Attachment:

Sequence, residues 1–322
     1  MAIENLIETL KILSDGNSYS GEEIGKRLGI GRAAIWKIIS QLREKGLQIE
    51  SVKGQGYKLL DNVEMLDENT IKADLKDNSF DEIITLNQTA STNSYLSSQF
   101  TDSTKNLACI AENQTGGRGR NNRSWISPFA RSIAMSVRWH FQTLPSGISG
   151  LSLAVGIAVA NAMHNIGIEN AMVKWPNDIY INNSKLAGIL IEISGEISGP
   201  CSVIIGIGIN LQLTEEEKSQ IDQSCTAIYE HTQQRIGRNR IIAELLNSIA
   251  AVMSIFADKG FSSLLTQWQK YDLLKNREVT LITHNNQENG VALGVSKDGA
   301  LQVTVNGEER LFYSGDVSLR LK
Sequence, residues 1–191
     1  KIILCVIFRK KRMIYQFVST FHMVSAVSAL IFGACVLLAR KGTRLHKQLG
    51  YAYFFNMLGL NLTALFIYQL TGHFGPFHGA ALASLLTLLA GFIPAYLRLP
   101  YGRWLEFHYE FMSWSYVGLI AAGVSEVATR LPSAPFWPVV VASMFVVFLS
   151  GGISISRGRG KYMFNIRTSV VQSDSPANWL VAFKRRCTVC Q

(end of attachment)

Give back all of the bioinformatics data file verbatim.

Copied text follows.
Sequence, residues 1–322
     1  MAIENLIETL KILSDGNSYS GEEIGKRLGI GRAAIWKIIS QLREKGLQIE
    51  SVKGQGYKLL DNVEMLDENT IKADLKDNSF DEIITLNQTA STNSYLSSQF
   101  TDSTKNLACI AENQTGGRGR NNRSWISPFA RSIAMSVRWH FQTLPSGISG
   151  LSLAVGIAVA NAMHNIGIEN AMVKWPNDIY INNSKLAGIL IEISGEISGP
   201  CSVIIGIGIN LQLTEEEKSQ IDQSCTAIYE HTQQRIGRNR IIAELLNSIA
   251  AVMSIFADKG FSSLLTQWQK YDLLKNREVT LITHNNQENG VALGVSKDGA
   301  LQVTVNGEER LFYSGDVSLR LK
Sequence, residues 1–191
     1  KIILCVIFRK KRMIYQFVST FHMVSAVSAL IFGACVLLAR KGTRLHKQLG
    51  YAYFFNMLGL NLTALFIYQL TGHFGPFHGA ALASLLTLLA GFIPAYLRLP
   101  YGRWLEFHYE FMSWSYVGLI AAGVSEVATR LPSAPFWPVV VASMFVVFLS
   151  GGISISRGRG KYMFNIRTSV VQSDSPANWL VAFKRRCTVC Q